A survey of New Zealand vapers has found most people started smoking e-cigarettes to quit smoking - and for the majority, it worked.

The online survey, led by Dr Penny Truman from Massey University in 2016, recruited 218 people through vaping and smoking-cessation networks.

Almost all had been smokers, but three quarters no longer smoked, and the remainder significantly reduced their tobacco use. Three had not been smokers before they started vaping, but had not gone on to smoke tobacco.

Most vapers surveyed also waited longer in the morning before vaping than they had when smoking, and generally reduced nicotine levels in their e-cigarette liquid over time.

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The results suggest some people switch from smoking to vaping quickly and completely, but others have a longer transition, Truman said.

"Most of the participants had changed the type of vaporiser they used several times. There was also a pattern of moving away from tobacco flavoured e-liquids, experimenting with many different flavours until they found several they liked and then continued to use on an ongoing basis."

Selling and supplying e-liquids containing nicotine is illegal in New Zealand, but the Government is planning to legalise them and many shops already sell them over the counter.

The researchers, who included Massey public health Professor Marewa Glover and former director of Action on Smoking and Health (Ash) Trish Fraser, concluded legalising such products would remove a main barrier for smokers who want to switch to vaping.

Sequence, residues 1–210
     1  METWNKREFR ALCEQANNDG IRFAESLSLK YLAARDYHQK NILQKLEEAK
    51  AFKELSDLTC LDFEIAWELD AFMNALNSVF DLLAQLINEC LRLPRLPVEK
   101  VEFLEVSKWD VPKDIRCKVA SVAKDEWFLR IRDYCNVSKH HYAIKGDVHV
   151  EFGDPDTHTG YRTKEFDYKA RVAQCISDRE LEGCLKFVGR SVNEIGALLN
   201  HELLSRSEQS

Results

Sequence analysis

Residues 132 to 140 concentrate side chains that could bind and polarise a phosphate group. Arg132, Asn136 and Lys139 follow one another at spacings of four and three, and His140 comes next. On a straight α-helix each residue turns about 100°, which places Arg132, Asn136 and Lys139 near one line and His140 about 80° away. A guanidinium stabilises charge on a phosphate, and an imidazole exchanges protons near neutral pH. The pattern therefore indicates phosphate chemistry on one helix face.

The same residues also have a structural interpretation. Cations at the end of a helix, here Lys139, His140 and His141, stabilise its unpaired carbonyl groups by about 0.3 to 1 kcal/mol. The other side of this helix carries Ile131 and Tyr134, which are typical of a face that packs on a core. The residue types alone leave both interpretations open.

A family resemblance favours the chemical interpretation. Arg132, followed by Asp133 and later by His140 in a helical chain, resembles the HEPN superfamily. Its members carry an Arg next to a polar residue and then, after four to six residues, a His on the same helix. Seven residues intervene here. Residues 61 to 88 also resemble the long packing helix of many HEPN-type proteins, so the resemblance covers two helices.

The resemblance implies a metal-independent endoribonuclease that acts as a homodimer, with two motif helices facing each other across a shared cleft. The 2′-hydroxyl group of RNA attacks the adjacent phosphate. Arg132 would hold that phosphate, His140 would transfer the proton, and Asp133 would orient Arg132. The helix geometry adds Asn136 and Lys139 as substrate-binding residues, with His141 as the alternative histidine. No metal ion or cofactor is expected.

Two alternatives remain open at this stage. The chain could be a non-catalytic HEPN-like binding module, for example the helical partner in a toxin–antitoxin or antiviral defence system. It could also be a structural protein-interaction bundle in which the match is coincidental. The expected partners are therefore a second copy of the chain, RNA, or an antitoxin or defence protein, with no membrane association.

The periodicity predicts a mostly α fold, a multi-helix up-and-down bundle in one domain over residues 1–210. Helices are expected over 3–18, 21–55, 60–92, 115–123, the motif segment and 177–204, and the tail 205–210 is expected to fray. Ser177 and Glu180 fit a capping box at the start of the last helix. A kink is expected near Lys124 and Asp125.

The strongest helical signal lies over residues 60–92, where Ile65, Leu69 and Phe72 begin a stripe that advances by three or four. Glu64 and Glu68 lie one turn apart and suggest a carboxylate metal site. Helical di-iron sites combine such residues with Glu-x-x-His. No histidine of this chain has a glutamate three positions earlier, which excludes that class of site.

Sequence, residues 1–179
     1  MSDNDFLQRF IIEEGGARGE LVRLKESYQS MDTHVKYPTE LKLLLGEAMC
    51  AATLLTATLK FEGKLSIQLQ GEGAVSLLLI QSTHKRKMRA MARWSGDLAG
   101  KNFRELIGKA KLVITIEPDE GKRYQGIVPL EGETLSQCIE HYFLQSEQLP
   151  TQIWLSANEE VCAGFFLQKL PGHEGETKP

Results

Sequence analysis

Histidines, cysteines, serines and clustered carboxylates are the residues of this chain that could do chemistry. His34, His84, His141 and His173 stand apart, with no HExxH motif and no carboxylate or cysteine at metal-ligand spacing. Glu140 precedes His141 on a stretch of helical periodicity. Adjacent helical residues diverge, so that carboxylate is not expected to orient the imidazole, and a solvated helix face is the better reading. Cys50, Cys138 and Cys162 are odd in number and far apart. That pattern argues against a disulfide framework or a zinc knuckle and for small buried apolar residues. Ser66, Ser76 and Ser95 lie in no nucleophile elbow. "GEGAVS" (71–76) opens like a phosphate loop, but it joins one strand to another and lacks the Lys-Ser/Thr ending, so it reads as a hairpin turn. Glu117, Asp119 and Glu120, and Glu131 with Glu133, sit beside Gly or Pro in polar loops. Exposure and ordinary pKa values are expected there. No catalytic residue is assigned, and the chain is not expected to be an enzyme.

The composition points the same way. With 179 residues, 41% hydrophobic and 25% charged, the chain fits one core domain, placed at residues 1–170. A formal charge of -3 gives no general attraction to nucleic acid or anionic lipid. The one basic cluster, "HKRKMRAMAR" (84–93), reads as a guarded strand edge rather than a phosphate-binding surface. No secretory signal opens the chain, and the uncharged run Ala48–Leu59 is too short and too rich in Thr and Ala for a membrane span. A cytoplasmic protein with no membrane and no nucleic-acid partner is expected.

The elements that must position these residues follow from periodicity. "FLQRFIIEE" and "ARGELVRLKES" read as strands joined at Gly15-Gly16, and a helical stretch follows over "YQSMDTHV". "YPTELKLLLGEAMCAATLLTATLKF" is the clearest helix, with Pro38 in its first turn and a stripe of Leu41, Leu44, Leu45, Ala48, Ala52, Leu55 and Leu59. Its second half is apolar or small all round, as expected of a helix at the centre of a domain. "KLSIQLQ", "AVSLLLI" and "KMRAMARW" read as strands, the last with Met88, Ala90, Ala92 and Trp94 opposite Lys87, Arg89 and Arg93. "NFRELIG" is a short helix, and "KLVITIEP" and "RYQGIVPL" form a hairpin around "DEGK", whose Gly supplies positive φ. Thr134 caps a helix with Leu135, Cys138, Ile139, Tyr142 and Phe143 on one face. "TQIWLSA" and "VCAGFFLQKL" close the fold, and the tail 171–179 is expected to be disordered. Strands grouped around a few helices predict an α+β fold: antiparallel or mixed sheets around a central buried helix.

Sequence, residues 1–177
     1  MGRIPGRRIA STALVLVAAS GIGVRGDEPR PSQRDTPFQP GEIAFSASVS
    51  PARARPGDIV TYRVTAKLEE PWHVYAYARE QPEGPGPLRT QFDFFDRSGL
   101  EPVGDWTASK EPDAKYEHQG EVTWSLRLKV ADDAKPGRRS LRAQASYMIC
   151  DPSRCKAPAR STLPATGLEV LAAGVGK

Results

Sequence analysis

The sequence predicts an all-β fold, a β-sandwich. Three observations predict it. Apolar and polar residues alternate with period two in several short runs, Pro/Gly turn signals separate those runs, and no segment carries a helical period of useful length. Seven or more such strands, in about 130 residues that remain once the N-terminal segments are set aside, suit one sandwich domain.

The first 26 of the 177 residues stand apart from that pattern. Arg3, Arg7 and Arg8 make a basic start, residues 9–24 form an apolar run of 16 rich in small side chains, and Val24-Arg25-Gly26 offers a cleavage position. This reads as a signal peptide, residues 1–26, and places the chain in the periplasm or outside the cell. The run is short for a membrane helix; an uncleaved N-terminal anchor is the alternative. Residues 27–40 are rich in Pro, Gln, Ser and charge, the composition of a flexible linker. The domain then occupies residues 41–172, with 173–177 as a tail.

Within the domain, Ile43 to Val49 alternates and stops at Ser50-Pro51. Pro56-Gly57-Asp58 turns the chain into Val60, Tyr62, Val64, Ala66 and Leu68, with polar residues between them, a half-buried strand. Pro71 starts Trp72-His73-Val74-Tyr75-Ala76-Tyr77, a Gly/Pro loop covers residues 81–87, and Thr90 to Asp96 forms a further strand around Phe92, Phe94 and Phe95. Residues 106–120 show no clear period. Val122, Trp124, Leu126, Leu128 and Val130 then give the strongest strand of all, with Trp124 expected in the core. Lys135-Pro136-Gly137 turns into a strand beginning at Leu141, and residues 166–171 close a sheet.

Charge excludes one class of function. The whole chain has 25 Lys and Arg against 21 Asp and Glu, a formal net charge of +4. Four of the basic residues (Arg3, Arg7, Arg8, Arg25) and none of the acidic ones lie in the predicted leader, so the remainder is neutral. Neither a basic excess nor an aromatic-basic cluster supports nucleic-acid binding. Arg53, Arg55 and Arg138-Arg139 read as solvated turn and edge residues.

They called for more randomised studies, including research following new vapers who are attempting to quit smoking. There are around 63,000 daily vapers in New Zealand and an unknown number who vape less regularly.

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Most international research has found e-cigarettes are harmful, but they are less so than tobacco.

Glover said changing the law and setting minimum quality standards could help speed the transition from smoking to vaping.

"It would also provide clarity around the greatly reduced risk associated with vaping compared to smoking, which would encourage more people to make the switch."

Glover has come out in support of e-cigarettes in the past, calling for an incentive programme to help smokers make the switch.

She said "innacurate information" about vaping was being spread by and among health professionals.

"This needs to stop because it is keeping people smoking – the very opposite of what we want if we are serious about reaching the smoke-free goal of five per cent or less smoking by 2025."

The study was funded by the Tobacco Control Research Tūranga programme, set up by the Ministry of Health and the Health Research Council of New Zealand.